What a necessary medicine ad orientem posture and a quieter canon are.

  7. Fr Martin Fox says:

    The Catholic Music Association of America, which is dedicated to reviving chant and polyphony in the Roman Rite, whether in the ordinary or extraordinary form, has an annual sacred music colloquium; I haven’t been able to attend the past two or three years, but when I last attended, we had a Mass offered in the ordinary form, but with a silent Roman Canon. In addition, a polyphonic setting of the Sanctus and the Benedictus was included which–in the manner of the extraordinary form–“overlaid” part of the canon.

    You will have to ask the folks who are involved in the CMAA for their reading of the rubrics on this. The holy father himself–prior to his election–mused on the virtues of a silent canon. This is a subject I believe will come back around at some point.

  8. St. Rafael says:

    It is my understanding that a silent canon is out of the question in the current Missal of Paul VI because every word must be spoken. Not sure if that is the case though. If the canon must be spoken in the Novus Ordo, at least the priest can lower his voice. I attended a Novus Ordo Mass where the priest recited the canon in a whisper. Technically, the canon was spoken as required, but done reverently with a lowered voice that spoke to the dialogue going on with God.

  9. guatadopt says:

    To this day, my former pastor at the church where I grew up and served mass as kid can recall a comment I made to him probably 20 years ago when I was 10 or 11 years old…I asked him in the sacristy one day: “Father, it must be really awkward for you offering prayers to God the Father while facing all of us.” His reponse: “You have no idea!”. When my parish got special permission to start offering the EF a few years later, I got to serve in the role of a subdeacon several times and even chant the readings. :)

  10. APX says:

    @St. Rafael

    It is my understanding that a silent canon is out of the question in the current Missal of Paul VI because every word must be spoken. Not sure if that is the case though. If the canon must be spoken in the Novus Ordo, at least the priest can lower his voice. I attended a Novus Ordo Mass where the priest recited the canon in a whisper. Technically, the canon was spoken as required, but done reverently with a lowered voice that spoke to the dialogue going on with God.

    Isn’t this what’s done during the EF Mass already? I could hear the priest saying something inaudibly during the Canon because the church was so small the altar wasn’t that far away from the congregation and the church’s acoustics are so good, you could hear the priest’s knees popping and cracking when he genuflected after the first elevation.

  11. Elizabeth D says:

    The church I attend was wreckovated circa 1970 so that the altar was moved to the center of the nave and facing sideways in the church (which happens to mean facing east), so that the priest is facing neither toward or away from the people, but perpendicular to us. It is like a strange compromise between ad orientam and versus populum. Anyway we recently had a priest visit who is a liturgy expert (for the Ordinary Form). And at the Per Ipsum (okay this was in English, the “Through Him, with Him” etc) he couldn’t help turning slightly toward the congregation while holding up the chalice and the Host. I thought that was so strange, the priest and the people together with him are offering Christ to the Father, and he’s turning toward US at that moment? That is also what made me 100% sure he didn’t celebrate the EF.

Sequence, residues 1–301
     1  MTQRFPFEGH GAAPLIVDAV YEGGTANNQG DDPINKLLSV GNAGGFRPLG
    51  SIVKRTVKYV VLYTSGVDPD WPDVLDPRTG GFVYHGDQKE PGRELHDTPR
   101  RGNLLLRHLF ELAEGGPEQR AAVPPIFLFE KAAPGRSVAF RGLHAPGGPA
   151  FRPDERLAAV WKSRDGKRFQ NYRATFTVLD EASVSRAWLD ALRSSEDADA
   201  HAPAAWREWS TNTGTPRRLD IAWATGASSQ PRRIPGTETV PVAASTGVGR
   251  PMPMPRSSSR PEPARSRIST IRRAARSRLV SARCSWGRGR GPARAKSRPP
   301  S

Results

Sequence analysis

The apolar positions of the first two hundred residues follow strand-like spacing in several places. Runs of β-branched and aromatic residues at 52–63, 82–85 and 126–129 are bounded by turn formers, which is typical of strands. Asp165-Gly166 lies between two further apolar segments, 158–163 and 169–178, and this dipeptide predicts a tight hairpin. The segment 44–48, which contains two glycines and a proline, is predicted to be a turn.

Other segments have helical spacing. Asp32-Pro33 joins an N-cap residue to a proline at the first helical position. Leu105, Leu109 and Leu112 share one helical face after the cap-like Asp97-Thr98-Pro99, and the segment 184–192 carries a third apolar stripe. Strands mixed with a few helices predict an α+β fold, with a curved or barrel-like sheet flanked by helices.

12. Papabile says:

    Ironically, I believe the English translation of the rubrics actually allows for a silent canon, though the latin doesn’t seem to suggest it.

    In the rubric immediately following the Sanctus, we find:

    “In omnibus Missis licet sacerdoti celebranti illas partes Precis eucharisticæ cantare, quæ in Missis concelebratix cantari possunt.”

    The latin is pretty clear, thought the english rubric translation is somewhat interesting:

    “In all Masses the priest may say the eucharistic prayer in an audible voice. In sung Masses he may sing those parts of the eucharistic prayer which may be sung ina concelebrated Mass.”

    The word “may” permissive and does not have the same restrictive interpretation the word “shall” would have.

    I’m just sayin’…….

  13. danphunter1 says:

    I have been to a Novus Ordo Mass which is offered versus populem yet he says the Canon extremely “Sotto Voce”.
    You can barely hear him. Its wonderful.

  14. danphunter1 says:

    By “He”, I mean the priest.
    Sorry about this.

  15. jflare says:

    I’ll admit to being rather troubled by this.
    I would’ve thought that..if there were parts of the Mass that the Church considered the laity incapable of offering in any way, shape, or form, or even understanding..the Church would never have allowed anything past the Homily, but before Communion, to be said audibly. Yet even in my copy of the FSSP DVD, there are parts of the Mass besides Communion that the lay faithful can hear. I’ve never heard a good explanation for this.

    Nor have I ever heard any explanation for why the lay faithful should not be enabled to offer some part of the Mass. We cannot consecrate the species, sure, but there’s a great deal of prayer before and after the consecration that appears to me as though I should be capable of praying along.

    For my purposes, it makes little sense to say that Mass is our highest form of worship, yet the laity shouldn’t expect to even know what’s going on outside of the Sanctus, Agnus Dei, or other portions.